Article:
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In Costa Rica, saving seeds to feed future generations

A scientist stores seeds at the Tropical Agricultural Research and Higher Education Center in Cartago, Costa Rica, on July 19, 2
A scientist stores seeds at the Tropical Agricultural Research and Higher Education Center in Cartago, Costa Rica, on July 19, 2023.

In the tropical mountains of Costa Rica, scientists guard a treasure trove of seeds collected over decades as a bulwark against food insecurity and climate change.

Some 6,200 samples from 125 species of squash, chili, tomato and other are held at the Tropical Agricultural Research and Higher Education Center (CATIE) near the town of Turrialba.

In temperatures as low as minus 20 degrees Celsius, the seeds can be kept for up to 40 years for purposes of research, genetic engineering of plants more resistant to pests, diseases or changing weather, or to replace species that die out.

The bank "is a resource we have for use now or in the future," plant geneticist William Solano told AFP at the facility some 60 km east of the capital San Jose.

It holds seeds from 57 countries, he said, but about 90 percent are from the Central American region, collected from markets and farms or growing wild.

The CATIE stockpile, stacked on shelves in hundreds of small, silver envelopes, includes the second-largest collection of squash family seeds in the world.

Many of the seeds are not present in banks anywhere else in the world, according to the center.

'Genetic archive'

"In response to climate change, we have here important materials for that are locally adapted" to a variety of climate conditions, ranging from humidity to extreme drought, Solano told AFP.

  • A worker removes seeds from chilies to store at a seed bank in Cartago, Costa Rica
    A worker removes seeds from chilies to store at a seed bank in Cartago, Costa Rica.
  • A worker organizes seeds before storing them
    A worker organizes seeds before storing them.
  • Scientists collect chili peppers to extract their seeds and store them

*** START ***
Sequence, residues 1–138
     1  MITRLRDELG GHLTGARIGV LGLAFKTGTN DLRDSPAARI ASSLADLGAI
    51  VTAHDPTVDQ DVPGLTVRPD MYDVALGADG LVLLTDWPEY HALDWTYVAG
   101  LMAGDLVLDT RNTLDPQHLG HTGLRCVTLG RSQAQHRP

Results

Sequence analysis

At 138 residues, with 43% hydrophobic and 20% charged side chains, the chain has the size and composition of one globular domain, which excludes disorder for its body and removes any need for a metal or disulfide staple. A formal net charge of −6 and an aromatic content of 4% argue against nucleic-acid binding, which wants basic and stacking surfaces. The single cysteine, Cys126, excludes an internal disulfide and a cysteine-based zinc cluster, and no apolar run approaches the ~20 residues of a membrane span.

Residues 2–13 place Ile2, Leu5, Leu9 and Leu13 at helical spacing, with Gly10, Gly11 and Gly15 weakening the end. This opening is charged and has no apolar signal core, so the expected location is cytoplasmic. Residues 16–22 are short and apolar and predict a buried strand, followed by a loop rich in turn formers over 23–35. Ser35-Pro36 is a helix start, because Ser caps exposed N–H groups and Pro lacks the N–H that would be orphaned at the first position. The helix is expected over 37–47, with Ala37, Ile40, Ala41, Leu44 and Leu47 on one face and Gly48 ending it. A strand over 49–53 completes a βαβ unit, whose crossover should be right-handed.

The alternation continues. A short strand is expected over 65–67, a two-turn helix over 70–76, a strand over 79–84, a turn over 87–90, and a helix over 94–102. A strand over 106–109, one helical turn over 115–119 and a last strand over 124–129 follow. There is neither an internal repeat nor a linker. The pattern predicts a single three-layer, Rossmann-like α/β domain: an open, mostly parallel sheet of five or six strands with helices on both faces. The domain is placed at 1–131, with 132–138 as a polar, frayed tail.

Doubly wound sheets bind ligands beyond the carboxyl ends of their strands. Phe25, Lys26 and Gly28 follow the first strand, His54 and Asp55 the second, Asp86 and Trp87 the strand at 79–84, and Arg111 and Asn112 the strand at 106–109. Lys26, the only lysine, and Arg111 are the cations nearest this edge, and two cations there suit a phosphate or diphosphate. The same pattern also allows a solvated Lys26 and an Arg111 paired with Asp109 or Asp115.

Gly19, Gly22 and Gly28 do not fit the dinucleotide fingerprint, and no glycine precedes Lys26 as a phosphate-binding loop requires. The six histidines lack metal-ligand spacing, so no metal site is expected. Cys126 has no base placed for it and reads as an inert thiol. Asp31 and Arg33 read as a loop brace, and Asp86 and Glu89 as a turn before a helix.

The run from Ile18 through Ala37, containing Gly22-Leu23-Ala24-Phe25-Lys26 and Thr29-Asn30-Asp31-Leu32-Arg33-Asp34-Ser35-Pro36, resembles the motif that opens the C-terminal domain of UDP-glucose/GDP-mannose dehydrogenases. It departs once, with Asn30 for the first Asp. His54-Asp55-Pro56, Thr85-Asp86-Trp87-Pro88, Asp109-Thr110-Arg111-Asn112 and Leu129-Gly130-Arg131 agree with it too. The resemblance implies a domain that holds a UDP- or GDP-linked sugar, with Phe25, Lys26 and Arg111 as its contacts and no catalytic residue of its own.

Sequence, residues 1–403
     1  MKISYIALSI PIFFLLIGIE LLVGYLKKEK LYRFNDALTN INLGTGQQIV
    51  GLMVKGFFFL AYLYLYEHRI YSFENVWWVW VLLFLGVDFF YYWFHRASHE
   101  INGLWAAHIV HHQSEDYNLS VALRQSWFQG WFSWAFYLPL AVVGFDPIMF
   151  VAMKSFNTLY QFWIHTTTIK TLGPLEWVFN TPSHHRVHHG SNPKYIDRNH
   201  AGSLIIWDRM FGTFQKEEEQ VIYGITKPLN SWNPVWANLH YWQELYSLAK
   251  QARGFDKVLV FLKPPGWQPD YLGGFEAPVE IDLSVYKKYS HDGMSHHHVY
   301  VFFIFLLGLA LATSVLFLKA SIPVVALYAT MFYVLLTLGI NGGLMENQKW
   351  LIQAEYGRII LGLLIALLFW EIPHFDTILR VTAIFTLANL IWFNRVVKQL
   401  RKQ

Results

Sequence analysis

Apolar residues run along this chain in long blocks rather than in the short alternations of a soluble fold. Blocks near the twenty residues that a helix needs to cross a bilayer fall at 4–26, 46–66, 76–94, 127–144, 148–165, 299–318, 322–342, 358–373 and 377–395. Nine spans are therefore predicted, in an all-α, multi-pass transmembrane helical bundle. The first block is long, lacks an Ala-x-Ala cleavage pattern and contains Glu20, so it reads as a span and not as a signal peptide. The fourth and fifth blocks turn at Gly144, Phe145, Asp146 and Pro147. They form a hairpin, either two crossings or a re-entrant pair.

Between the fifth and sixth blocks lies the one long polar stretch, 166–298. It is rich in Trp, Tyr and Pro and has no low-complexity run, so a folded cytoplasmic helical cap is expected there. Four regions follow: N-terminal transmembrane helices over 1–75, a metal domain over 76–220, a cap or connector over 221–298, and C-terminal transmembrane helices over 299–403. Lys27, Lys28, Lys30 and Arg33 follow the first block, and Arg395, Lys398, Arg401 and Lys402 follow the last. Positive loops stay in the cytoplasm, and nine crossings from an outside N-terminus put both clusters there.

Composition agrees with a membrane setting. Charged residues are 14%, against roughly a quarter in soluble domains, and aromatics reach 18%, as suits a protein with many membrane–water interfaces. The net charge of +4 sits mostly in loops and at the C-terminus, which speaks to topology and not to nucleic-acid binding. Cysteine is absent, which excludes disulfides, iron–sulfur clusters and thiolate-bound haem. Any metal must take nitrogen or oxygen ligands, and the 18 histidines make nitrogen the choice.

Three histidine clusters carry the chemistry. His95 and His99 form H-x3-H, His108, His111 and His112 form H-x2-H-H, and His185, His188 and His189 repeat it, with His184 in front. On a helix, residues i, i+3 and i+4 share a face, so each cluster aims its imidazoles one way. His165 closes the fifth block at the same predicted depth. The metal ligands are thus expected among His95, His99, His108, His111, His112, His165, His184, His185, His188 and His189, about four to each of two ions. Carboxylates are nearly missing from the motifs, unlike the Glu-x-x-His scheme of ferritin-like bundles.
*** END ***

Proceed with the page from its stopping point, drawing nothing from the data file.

Scientists collect chili peppers to extract their seeds and store them.

As ever-more extreme weather threatens food production, traditional, native seeds are essential to "give sustainability to agri-food systems," he added.

According to seed expert Ester Vargas of the University of Costa Rica, "there is variability in native seeds that gives them the ability to adapt to different conditions" in the areas of their origin.

Seed banks like the one at CATIE serve to guarantee an availability of "crops with high nutritional value" for generations to come, she added.

The UN's Food and Agriculture Organization (FAO) estimates that almost one in ten people in the world suffered hunger in 2022—some 735 million in total—with increases in parts of Africa, western Asia and the Caribbean.

The FAO says banks help preserve "the most adapted varieties" for a given region.

"As has a significant impact on , growing local varieties, which have a high degree of genetic diversity, is highly important because these varieties have the ability to better withstand and adapt to environmental stresses and changes," a document on the organization's website states.

CATIE agronomist Daniel Fernandez said the bank also served another purpose: as a "genetic archive" of species that were replaced by more modified crops and that one day may need to be brought back.

© 2023 AFP

Citation: In Costa Rica, saving seeds to feed future generations (2023, July 28) retrieved 18 July 2024 from https://phys.org/news/2023-07-costa-rica-seeds-future-generations.html
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